APSAD Sydney 2016 Conference


The Abstract Mentor Program is being continued at the APSAD Sydney 2016 Conference, with the objective of helping First Peoples (Aboriginal, Torres Strait Islander and Māori) working in the AOD field to improve their abstracts before submitting them, thus increasing the chance of their work being represented at conferences.

The program is especially targeted at First Peoples from resource-limited settings who lack access to opportunities for rigorous mentoring in research and writing. The aim of the Abstract Mentor Program is to increase the motivation of First Peoples as well as the number of abstract submissions received from First Peoples working in the area that may not be able to submit an abstract on their own or have the confidence to present at the conference.

The program is completely independent of the abstract review and selection process.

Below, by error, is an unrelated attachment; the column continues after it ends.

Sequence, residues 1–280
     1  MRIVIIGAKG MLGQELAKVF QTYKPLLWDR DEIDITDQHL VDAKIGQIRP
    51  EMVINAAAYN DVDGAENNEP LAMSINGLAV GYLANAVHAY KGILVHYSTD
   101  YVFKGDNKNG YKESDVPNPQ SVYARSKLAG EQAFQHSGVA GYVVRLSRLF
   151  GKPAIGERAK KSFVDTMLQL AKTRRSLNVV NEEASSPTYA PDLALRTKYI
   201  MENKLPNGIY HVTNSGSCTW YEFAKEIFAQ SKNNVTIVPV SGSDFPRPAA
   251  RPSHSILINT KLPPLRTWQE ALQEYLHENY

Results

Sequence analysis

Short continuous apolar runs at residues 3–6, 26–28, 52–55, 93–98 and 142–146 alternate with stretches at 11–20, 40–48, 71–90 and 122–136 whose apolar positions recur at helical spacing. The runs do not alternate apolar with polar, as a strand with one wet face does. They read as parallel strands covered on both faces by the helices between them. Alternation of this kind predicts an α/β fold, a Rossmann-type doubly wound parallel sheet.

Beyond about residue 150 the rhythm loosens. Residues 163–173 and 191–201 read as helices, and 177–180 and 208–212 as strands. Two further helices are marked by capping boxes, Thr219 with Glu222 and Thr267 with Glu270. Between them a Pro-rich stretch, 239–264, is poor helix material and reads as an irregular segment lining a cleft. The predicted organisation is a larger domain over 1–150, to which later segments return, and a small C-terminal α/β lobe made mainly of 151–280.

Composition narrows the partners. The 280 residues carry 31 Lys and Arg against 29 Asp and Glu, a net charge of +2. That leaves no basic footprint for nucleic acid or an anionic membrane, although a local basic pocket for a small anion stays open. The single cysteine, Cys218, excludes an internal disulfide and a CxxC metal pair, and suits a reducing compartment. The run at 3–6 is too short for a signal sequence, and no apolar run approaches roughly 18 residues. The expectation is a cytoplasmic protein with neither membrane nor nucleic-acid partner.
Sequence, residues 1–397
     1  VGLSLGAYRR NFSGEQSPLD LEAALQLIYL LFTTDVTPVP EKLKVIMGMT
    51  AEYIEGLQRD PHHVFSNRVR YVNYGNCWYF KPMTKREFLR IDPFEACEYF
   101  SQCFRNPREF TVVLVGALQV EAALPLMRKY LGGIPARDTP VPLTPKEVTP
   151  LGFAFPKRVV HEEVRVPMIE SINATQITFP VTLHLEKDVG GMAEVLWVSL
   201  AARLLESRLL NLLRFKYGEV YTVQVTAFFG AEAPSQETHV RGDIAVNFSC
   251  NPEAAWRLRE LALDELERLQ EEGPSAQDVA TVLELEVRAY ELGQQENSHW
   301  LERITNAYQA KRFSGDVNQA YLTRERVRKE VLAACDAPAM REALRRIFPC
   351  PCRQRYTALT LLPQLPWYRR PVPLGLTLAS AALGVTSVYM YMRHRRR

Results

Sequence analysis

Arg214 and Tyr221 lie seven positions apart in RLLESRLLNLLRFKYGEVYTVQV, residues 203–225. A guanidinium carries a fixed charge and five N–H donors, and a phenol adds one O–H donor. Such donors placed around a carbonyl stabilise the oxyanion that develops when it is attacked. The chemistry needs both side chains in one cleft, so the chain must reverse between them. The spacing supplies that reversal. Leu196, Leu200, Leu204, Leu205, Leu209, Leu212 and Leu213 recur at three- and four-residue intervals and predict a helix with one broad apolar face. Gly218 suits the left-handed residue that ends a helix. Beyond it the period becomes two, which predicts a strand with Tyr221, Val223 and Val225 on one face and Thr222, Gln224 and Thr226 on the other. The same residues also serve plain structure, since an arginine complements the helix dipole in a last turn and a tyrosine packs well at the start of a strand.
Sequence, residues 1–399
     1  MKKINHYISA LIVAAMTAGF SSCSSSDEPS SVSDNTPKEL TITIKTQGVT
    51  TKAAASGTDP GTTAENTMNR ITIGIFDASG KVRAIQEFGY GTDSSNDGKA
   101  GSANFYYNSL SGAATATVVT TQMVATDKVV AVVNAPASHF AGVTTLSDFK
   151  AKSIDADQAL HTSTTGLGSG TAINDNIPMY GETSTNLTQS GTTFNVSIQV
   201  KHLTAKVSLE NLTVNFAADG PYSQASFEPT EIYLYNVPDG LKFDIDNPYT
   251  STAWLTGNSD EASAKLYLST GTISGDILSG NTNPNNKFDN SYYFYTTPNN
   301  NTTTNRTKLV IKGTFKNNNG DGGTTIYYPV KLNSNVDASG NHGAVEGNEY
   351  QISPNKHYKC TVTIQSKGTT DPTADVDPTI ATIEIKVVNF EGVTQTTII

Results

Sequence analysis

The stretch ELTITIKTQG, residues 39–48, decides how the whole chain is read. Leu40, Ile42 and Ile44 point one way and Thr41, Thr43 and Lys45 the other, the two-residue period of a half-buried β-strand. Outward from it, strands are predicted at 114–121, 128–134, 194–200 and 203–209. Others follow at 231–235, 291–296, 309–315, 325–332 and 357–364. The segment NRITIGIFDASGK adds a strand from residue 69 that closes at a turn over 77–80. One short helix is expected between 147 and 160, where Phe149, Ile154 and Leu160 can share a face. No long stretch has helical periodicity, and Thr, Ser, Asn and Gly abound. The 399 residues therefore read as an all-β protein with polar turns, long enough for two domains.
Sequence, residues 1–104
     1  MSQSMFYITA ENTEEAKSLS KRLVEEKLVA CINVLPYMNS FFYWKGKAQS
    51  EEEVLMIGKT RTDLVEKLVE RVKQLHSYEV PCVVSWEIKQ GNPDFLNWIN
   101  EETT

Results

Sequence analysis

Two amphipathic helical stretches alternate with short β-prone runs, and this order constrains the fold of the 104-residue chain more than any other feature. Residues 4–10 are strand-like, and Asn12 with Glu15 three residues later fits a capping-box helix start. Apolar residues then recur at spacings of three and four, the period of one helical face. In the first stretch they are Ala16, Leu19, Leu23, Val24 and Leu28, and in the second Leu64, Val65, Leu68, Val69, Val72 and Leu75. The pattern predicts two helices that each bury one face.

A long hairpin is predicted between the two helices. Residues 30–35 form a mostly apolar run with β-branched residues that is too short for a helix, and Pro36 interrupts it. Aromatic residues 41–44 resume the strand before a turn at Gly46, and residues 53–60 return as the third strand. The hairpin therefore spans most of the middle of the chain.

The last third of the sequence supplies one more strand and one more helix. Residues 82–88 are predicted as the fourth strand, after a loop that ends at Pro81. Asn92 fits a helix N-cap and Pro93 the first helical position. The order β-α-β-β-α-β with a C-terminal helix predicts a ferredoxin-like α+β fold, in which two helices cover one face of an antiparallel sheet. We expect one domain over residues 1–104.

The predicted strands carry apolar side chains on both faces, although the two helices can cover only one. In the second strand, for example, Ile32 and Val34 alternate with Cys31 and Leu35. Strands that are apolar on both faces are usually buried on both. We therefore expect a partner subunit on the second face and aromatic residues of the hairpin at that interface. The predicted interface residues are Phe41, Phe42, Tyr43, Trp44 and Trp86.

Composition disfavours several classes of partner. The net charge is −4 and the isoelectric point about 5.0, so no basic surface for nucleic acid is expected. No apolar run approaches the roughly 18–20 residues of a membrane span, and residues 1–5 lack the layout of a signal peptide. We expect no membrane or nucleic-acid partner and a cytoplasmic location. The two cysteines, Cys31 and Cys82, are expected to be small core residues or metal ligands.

Abstract Mentor Program – Practical Steps
  • Have a think about what information you want to share
  • Contact a mentor from the list below to discuss how to put together your abstract or have a go putting together one and then contact a mentor to go over it.
General Rules
  • Each delegate can submit up to 2 abstracts to the program for mentoring:
    • One abstract may be submitted for review and re-submitted after revision based on mentor feedback
    • Two separate abstracts may each be submitted once for mentor feedback
  • Mentors will help abstract submitters answer questions around formal requirements for abstracts, research methods and analysis, as well as how to select appropriate tracks and categories.
  • Mentors will not make any edits/changes in submitted abstracts.
  • Mentors cannot indicate if s/he thinks the abstract is likely to be selected or not.
APSAD Abstract Mentors
  • Anna Stearne, National Drug Research Institute, Curtin University
  • Terry Huriwai, Hau Mārire, Addiction Workforce Programme
  • Julie Spratt, Western Australia Mental Health Commission
  • TBC 
  • TBC